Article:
Now here’s the hard question, Why do YOU write? If you aren’t a writer, why do you do what you do? Let me know in the comments below.  

Till next time,

AJP

start-with-why

Duck and cover

Oh how I love my little group of fellow writers. I have stumbled upon a great group of people with equally great sense of humors. I missed my post this morning, and when I was finally able to read their comments from Amanda’s quick note this AM gave me a much needed laugh.

Just for the record, yes, I seemed to have been sucked into some pre-historic, cult-like, wormhole that is trying to take me alive. My washing machine is just fine, yes I am pretty sure I have pulled a good bit of hair out from stress, and what the crap kind of place doesn’t have internet availability – even on my phone- in this day and age! It is not fun guys, not fun at all. Anyone want to throw me a rope? Or hand? I promise to try and not pull you in with me…

Maybe.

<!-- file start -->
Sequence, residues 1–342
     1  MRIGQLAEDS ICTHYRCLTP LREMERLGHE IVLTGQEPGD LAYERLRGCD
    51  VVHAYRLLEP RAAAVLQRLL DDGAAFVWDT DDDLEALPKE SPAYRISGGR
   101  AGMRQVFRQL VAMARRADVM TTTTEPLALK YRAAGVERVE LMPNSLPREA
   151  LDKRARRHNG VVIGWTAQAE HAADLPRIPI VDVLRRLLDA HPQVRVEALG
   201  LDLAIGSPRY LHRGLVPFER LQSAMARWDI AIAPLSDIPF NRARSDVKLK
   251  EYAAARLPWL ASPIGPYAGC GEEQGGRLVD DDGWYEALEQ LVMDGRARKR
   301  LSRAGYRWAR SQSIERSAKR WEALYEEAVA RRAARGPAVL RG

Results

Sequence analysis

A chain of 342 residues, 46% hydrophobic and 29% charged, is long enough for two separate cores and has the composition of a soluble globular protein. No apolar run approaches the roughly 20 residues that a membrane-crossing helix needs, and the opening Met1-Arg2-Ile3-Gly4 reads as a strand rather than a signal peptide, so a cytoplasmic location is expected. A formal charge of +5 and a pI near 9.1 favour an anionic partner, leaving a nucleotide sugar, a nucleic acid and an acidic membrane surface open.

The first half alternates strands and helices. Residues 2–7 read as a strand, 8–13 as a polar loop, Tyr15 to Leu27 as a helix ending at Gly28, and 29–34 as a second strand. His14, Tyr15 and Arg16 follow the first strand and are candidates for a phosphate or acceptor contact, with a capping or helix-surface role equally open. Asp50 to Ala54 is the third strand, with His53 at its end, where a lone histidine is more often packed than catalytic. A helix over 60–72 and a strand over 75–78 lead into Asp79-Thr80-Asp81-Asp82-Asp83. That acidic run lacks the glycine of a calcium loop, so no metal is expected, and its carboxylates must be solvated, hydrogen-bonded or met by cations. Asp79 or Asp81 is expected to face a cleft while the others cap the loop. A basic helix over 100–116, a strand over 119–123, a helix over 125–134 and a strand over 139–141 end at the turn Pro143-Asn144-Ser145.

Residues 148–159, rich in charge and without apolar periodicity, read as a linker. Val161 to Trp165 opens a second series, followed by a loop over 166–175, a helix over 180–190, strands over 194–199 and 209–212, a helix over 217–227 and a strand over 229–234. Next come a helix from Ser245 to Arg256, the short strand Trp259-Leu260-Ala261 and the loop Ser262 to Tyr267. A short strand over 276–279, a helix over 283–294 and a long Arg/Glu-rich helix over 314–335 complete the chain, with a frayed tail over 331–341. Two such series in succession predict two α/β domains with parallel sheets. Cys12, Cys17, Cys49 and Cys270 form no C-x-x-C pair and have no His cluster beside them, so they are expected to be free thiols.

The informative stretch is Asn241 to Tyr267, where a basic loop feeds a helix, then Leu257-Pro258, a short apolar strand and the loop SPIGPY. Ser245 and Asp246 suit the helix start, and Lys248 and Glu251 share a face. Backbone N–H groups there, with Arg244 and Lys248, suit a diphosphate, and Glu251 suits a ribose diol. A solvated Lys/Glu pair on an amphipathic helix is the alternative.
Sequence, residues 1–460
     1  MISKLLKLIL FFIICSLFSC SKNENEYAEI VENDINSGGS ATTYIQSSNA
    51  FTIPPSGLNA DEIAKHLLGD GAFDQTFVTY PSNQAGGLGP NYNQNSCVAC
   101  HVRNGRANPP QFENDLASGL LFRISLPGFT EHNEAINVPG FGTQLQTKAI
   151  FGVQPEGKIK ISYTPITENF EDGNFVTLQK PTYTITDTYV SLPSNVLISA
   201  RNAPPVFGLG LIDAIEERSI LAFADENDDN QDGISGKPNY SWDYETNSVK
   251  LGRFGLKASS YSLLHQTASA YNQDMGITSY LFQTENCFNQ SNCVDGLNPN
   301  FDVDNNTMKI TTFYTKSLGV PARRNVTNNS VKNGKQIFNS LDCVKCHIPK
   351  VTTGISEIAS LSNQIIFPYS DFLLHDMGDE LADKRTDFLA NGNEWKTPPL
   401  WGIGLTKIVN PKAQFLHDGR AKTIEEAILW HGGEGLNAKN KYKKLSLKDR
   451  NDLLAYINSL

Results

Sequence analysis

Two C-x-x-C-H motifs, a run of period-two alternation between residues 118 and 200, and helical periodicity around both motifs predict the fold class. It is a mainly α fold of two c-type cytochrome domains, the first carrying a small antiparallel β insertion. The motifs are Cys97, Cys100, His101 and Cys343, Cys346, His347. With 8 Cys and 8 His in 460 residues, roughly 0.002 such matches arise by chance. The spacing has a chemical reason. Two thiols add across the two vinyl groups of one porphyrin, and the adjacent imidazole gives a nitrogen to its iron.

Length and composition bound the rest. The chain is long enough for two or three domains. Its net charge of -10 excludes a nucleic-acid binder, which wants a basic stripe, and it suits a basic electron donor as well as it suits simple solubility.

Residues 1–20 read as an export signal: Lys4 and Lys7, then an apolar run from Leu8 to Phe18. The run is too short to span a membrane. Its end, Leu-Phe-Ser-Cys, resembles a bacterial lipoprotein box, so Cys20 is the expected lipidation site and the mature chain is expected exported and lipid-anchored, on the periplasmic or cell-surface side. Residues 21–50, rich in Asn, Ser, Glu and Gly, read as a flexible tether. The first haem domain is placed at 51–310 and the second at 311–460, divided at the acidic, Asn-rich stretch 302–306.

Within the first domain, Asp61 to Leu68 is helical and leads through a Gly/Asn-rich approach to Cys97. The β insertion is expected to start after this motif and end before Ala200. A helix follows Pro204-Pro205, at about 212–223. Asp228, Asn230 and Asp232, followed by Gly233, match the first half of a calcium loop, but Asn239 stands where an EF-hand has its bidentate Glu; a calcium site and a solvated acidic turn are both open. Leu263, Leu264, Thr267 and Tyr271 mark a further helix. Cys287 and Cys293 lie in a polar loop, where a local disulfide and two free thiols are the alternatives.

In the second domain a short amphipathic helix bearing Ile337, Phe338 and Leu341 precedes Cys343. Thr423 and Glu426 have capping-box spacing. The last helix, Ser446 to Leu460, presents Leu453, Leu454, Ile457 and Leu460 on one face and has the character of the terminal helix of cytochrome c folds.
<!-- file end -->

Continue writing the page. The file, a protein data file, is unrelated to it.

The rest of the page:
Life sometimes throws lemons at us, so we make lemonade.

Then it gets cranky and throws nuts and bolts at us, so we build something cool, like a robot.

That really pisses it off, so it drops big ass boulders on top of us and laughs historically as we writhe in a painful heap on the ground. That is about where I am right about now. But no worries, I will kick this boulder’s (or was it Life’s) butt and be back on schedule in no time.

I hope.

In the mean time, hope your writing/reading/ life is going well.

Till next time,

~AJP

When in doubt…

Shakespeare 

Combing through my bookshelf last night, I came across a book of Shakespeare quotations that my mom bought me last summer. There were a few pages bookmarked that I had liked but the one above resonated with me the most.

Doubt is something that I constantly battle with when it comes to my writing. No matter how many different people tell me that what I have written is good or worth something, I have this little pebble of uncertainty that eats at me. I know that I am not the only one. It is something that plagues us all, whether we are writers or not, doubt just comes with human nature.

How do we overcome it?

I am not sure that we really ever do. There are highly acclaimed authors that still have reservations about each story they write in the beginning. Which is a little discouraging but reassuring at the same time.